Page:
From Richard Lutz.
Never start a story with a question as a headline. That’s the ironclad law when I was a cub reporter around the time of the Mongol Horde invasions across Europe.
But rules ain’t rules if they ain’t broken.
And whipping through the listings for this Olympic Bonanza week, someone must have put something extra into the water when it comes to feeding tv planners.
It’s a great week to ignore the coming heatwave, the Games, financial scandals, the high summer, Bradley Wiggins and, instead, grease the record button finger to stock up on some movies.
Before we hit the classics, a word about The Saint. Everyone remembers Roger Moore poking around as the tv ‘tec with the suave airs and small revolver way before our Sir Rog become a stolid wooden 007.
But this evergreen tv series was begat from 9 RKO films from the late 30s and early 40s. Most starred deep voiced bored looking George Sanders, an actor best known these days for the voice of Sheer Khan in The Jungle Book and the hubby of both Zsa Zsa Gabor AND, later, her sister.
As the first incarnation of The Saint, he grappled with many a crook and Nazi in his day. And BBC2 is slapping them all over the daytime schedules: The Saint in London, The Saint in Palm Springs,, The Saint Meets The Tiger and The Saint in New York (he must have got around).
I have never seen these films. But I’ll dip in to see how noir crime thrillers operated on the eve of war with Mr Sanders (born in Russia and earning his early wage in a Birmingham mill, by the way) ready to do battle.
On the other side of noir is The Third Man (Mon; Film4, 14.20). Get out the zither, the femme fatale, the Swiss clocks, the Viennese bombscape and end of war paranoia and you have a classic with Orson Welles’ cheeky shadowy figure running through Austrian sewers. It is still one of the best black and white stories around.
James Stewart puts on the buckskin for one of his best westerns, Winchester ’73 (Tues; Ch4, 13.25). It is directed by Anthony Mann, one of the masters of the horse opera and even though it is nigh on 60 years old, still is worth watching if only for the Jimmy Stewart aw shucks mode of acting done the old way for the double features back in the day.
Still, if you are a glutton for sagebrush, check out 14 straight hours of cowboy movies on TCM. Starting with Gunsmoke and James Arness (ok, ok, it is tv stuff) and ending with Rio Bravo. There’ll be enough trail dust in your living room to choke the digi signals out of your flatscreen. TCM, with some alterations, has this barrage of westerns almost every day.
Side stepping the cowboy movies and The Saint, tighten your seat belt for Clockwork Orange (Wed; ITV1, 22.50). It is Kubrick’s take on the Anthony Burgess novel and didn’t shirk when it came to ‘a bit of ultra”, sexual violence or sadistic gang menace. Malcolm McDowell stars as a youth who lives for the violent moment in a dystopian future. At times, it is uncomfortable viewing, but Kubrick tweeks it a bit to put an ungainly smile on your face. It is dark and nasty though.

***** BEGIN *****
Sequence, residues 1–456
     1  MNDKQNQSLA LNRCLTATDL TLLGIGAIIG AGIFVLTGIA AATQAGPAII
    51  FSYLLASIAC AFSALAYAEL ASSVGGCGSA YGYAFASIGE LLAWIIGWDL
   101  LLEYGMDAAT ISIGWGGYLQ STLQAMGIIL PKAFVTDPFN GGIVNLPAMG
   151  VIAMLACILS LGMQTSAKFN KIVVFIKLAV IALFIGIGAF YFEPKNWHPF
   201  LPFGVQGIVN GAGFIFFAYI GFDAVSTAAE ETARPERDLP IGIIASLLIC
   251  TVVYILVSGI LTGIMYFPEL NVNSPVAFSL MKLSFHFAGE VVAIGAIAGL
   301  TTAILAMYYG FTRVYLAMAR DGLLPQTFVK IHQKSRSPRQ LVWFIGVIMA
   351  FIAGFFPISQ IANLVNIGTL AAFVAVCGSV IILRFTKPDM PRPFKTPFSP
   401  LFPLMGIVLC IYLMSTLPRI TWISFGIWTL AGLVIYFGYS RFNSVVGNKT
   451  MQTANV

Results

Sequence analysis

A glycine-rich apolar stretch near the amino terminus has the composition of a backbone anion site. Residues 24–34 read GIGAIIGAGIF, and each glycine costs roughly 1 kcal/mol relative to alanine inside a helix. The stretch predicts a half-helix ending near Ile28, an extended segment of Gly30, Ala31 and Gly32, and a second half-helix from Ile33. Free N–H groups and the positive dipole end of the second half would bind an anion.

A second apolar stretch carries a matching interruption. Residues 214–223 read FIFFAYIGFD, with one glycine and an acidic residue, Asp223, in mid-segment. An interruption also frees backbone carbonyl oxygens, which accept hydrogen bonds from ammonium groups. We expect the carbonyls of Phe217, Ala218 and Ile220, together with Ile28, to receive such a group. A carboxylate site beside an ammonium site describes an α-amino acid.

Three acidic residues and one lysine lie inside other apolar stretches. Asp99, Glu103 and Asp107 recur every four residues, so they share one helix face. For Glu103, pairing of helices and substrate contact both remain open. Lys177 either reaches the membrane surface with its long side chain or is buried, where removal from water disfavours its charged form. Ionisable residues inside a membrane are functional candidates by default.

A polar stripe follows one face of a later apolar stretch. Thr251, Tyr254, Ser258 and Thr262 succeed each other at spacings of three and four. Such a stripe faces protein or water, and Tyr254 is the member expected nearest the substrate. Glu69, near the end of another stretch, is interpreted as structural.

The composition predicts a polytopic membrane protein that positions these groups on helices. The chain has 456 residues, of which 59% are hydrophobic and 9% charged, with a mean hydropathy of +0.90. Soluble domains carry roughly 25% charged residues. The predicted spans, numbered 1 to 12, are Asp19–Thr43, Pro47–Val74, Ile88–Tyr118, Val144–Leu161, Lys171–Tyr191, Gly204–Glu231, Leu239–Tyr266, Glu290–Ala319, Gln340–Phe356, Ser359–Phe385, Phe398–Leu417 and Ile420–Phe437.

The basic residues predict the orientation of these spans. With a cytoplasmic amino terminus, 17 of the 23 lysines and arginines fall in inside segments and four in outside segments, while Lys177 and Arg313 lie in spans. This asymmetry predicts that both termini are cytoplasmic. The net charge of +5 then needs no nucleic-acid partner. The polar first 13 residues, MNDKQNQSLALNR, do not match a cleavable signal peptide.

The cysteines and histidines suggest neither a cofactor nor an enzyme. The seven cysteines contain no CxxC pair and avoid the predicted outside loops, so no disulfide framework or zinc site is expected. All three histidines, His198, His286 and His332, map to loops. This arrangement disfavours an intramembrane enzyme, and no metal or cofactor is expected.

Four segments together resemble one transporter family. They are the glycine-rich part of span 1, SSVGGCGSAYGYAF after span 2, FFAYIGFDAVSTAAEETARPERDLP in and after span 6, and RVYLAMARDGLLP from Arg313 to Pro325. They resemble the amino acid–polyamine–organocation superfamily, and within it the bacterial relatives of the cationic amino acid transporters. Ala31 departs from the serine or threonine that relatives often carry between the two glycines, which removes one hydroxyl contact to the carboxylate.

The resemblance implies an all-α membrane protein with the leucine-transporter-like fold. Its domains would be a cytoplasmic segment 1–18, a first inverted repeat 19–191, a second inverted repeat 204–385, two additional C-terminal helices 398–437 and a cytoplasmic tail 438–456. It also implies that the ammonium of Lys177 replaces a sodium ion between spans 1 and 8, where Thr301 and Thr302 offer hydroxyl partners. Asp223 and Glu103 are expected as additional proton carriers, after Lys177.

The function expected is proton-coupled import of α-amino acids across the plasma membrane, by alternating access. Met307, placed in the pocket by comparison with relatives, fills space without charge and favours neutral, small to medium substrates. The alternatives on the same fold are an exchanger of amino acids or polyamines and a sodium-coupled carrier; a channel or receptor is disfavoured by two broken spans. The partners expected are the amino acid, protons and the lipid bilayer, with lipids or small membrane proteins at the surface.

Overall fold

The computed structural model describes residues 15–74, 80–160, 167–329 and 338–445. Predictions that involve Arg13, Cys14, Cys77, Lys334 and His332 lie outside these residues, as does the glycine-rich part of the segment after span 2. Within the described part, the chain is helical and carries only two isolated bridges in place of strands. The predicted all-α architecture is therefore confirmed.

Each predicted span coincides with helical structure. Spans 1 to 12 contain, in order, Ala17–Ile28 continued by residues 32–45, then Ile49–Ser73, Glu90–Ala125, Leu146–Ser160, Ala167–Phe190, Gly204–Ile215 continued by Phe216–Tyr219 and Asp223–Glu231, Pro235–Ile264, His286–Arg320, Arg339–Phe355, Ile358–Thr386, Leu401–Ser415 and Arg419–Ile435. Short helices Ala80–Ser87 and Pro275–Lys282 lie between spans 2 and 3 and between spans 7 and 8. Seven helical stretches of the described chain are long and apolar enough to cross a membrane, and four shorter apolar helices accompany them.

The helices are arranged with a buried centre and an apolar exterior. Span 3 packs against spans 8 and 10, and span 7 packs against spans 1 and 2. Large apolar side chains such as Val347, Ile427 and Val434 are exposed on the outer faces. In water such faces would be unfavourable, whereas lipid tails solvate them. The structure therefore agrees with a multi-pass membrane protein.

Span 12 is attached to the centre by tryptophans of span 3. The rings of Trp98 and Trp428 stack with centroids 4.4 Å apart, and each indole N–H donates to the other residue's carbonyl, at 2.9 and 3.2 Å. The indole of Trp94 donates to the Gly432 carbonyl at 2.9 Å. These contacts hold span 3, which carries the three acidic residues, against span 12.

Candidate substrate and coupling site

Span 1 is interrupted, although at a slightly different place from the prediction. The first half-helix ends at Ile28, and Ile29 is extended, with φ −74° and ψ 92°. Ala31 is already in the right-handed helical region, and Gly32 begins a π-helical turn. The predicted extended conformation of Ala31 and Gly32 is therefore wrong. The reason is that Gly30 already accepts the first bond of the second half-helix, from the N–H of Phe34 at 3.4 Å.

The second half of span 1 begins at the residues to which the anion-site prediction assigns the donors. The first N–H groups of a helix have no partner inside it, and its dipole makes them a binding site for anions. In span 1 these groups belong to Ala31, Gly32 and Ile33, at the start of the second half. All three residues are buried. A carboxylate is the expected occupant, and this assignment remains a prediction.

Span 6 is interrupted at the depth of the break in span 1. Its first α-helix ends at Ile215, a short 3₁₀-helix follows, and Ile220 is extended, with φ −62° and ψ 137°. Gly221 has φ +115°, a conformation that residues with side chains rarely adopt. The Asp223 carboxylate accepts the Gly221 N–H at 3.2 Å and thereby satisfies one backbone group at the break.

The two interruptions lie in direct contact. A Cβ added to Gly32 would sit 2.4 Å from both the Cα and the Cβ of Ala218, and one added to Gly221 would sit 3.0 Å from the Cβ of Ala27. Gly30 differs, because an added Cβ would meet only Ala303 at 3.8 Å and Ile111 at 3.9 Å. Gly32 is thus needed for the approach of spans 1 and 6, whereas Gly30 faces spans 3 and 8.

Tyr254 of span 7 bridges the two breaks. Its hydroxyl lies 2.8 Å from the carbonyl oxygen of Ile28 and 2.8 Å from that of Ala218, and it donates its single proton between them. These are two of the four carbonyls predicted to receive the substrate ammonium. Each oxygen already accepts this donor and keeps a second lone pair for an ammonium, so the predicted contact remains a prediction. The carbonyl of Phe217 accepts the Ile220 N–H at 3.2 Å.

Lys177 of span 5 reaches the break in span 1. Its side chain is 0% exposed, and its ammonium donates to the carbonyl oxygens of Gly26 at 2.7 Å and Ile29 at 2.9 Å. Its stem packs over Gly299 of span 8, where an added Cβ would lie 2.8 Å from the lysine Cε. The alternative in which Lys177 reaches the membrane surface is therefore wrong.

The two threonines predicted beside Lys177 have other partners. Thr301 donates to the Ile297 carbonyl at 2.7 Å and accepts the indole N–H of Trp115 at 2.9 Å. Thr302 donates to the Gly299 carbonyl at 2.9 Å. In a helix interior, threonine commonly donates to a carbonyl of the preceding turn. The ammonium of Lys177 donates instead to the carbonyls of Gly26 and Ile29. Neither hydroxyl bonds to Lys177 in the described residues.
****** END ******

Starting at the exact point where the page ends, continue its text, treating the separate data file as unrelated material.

Harking back to cowboys for a second, The Last Picture Show (Wed; Sky Movies Indie, 11.55) unveils its director’s cut. Peter Bogdanovich oversaw a minimalist black and white film about a small Texan town closing its movie house- and also closing an era in smalltown America. Lots of names here: Jeff Bridges, Cybil Sheppard and a fond farewell to celluloid to Ben Johnson who rode like an angel in so many John Ford films until he was sacked by the oldtime director for actually questioning a command he was given. You’ll recognise Johnson not so much from what he looks like but from his beautiful cowpoke voice. His character is the last hurrah of the Old West.
Another take on the West’s slow emergence into modern America is Bad Day at Black Rock (Thur; Film4, 12.40) when one armed Spencer Tracey comes to a tiny town to kick start justice in a community run by bigots. It’s low key and Spence gets it right- one of his best roles as he comes towards the end of his career.
On the same night, a small tip of the hat to The Olympics (they are on this year in London if you have been living on Mars). Cool Runnings (Thurs; ITV2, 19.00) is a joyous story about a Jamaican bobsled team who are out to win in the Winter Games. Smiles all around.
Next night, you can put your feet up for Cat Ballou (Fri; Ch4, 1.40 am but really Sat). Lee Marvin was a great comedian and Jane Fonda is his earnest straightwoman as she hires a drunk clapped out gunfighter who can’t even hold a gun straight to install law ‘n order in the heyday of the west. Marvin shines.
And to add a footnote to a week that has many other films worth the effort, if you like your teenyboppers, hang out for Justin Beiber: Never Say Never (Wed; Sky Movies Family, 11.35).
OK, I’ll say never but many won’t